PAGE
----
Diverse applications of seaweed products
Seaweed extracts are used as ingredients in many beauty products and creams, and widely marketed as natural herbal and weight-reduction products. Medical advances and the increasing demand for healthy, minimally processed foods arecreating an opportunity for seaweed products as functional foods, nutraceuticals, and alternative medical products.
People have been eating fresh and sun-dried seaweeds for health purposes in oriental countries for thousands of years. However, in recent years, many new compounds with medicinal values have been identified in different types of seaweeds. Interestingly, most of these pharmaceutical compounds and nutraceuticals come from traditionally edible seaweeds like nori, kombu, wakame, and hiziki.
Marine Biotechnology Laboratory,
Department of Botany University of Delhi
Delhi , India
Department of Ecology and Evolutionary Biology
University of Connecticut,1 University Place
Stamford , Connecticut
06901-2315 USA Charles.firstname.lastname@example.org
The annual value of cultivated, managed and wild-harvested seaweeds exceeds over U.S. $6.0 billion, with 87% of that amount derived from aquaculture. With worldwide production of approximately 14 billion sheets, the most valued of the Mari cultured seaweeds is the red alga Porphyra popularly known as “nori” in Japan. It is a source of food for humans throughout the world, although it is primarily cultivated in China , Japan , and South Korea .
Other economically important edible seaweeds include Laminaria (kombu), Undaria (wakame), Hizikia (hiziki), and Caulerpa (sea grapes). Additional seaweed species are industrial sources of carrageenans, alginates, and agars. These important polysaccharides are used in the food, textile, paint, biotechnological, and biomedical industries.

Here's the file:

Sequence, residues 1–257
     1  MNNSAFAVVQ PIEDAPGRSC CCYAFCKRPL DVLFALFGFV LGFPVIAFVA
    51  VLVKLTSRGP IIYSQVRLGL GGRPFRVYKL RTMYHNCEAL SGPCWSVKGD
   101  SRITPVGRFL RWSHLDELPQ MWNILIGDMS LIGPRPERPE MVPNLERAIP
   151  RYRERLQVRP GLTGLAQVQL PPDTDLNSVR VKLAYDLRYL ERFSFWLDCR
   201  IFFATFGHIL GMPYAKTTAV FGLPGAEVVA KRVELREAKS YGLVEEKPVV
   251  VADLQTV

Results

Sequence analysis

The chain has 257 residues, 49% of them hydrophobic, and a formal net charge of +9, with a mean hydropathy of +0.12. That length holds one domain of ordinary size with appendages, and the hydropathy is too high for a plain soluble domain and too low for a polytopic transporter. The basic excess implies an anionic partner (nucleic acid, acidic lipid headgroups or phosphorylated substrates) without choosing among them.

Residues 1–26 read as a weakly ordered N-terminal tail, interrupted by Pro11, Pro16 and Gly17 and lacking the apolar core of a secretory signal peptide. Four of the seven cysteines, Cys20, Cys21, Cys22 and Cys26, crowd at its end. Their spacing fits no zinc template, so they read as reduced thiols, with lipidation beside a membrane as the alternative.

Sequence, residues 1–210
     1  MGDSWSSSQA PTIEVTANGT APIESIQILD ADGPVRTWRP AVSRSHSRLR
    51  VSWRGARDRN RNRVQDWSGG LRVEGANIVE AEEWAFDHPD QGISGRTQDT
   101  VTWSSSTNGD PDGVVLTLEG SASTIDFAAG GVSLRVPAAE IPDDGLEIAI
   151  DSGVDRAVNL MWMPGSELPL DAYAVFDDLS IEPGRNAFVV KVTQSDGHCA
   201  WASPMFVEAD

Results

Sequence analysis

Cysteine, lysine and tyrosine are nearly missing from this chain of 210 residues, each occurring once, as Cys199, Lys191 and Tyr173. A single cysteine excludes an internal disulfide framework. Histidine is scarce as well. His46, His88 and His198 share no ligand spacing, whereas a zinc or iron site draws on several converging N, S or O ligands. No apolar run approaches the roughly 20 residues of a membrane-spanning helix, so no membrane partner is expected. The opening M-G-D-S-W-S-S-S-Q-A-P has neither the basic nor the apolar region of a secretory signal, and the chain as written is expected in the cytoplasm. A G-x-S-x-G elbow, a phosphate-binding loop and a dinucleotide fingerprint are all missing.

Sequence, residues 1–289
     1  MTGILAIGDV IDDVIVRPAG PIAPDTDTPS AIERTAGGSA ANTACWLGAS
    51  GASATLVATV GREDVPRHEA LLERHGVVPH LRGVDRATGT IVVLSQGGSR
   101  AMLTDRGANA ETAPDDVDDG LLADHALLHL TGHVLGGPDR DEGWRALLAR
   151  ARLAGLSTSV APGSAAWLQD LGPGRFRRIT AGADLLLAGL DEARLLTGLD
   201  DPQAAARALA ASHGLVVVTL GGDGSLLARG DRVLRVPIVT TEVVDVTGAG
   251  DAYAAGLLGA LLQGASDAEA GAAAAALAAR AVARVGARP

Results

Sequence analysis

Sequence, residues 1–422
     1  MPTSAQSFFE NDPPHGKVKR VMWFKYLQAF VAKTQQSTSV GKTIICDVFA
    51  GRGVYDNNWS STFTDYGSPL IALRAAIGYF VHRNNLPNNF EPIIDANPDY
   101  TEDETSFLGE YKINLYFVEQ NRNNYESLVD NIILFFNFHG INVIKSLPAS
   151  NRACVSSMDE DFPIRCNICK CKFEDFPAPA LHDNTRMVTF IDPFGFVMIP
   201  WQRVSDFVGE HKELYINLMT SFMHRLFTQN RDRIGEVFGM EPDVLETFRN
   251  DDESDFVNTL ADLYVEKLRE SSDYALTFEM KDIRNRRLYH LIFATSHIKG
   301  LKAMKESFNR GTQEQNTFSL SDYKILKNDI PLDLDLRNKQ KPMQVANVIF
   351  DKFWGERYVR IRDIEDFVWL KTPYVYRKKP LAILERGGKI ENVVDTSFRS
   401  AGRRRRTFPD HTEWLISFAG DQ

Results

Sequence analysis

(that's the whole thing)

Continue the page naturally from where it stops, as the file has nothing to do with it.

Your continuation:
Seaweeds have significant value in agriculture as soil additives, fertilizers, and seaweed meals. There is also renewed interest in using seaweeds as biological nutrient.
The most valued cultured seaweed is the red alga Porphyra, a high-fiber, high-protein product used in a variety of foods throughout the world.
Removal system in the integrated aquaculture of finfish and crustaceans. The bioremediation potential of several Porphyra , Gracilaria, and Laminatia species has been assessed for open water and land-based systems.
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Recent Epidemiological studies suggested a link between the consumption of the seaweeds and a reduction in prostrate, colorectal, and Breast cancers.
Many seaweeds and their polysacchatides have demonstrated antibacterial, antiviral, and antitumor effects. Recently, some seaweeds have shown antioxidant and anti HIV potential. The sulfated polysaccharide Carraguard, now in clinical trials in Africa , appears tobe a safe and cost-effective microbiocide that may reduce the transmission of HIV and possibly other sexually transmitted infections, according to the Population Council.
Porphyra is rich in dietary fiber, contains 25-50% protein, ,more vitamin C than oranges, and trace minerals. Seventeen types of free amino acids have been reported in Porphyra . Its very high taurine levels of cholesterol. Porphyra and Undaria are promising seaweeds for preventing cardiovascular disease.
Consumption of Undaria pinnatifida can decrease blood pressure in humans. Enteromotpha, Monostroma and Caulerpa are other edible seaweeds with several health benefits. Recent epidemiological studies suggested a link between the consumption of seaweeds and a reduction in prostrate, colorectal, and breast cancers. A variety of antioxidant compounds including polyphenols have been identified in several brown seaweeds.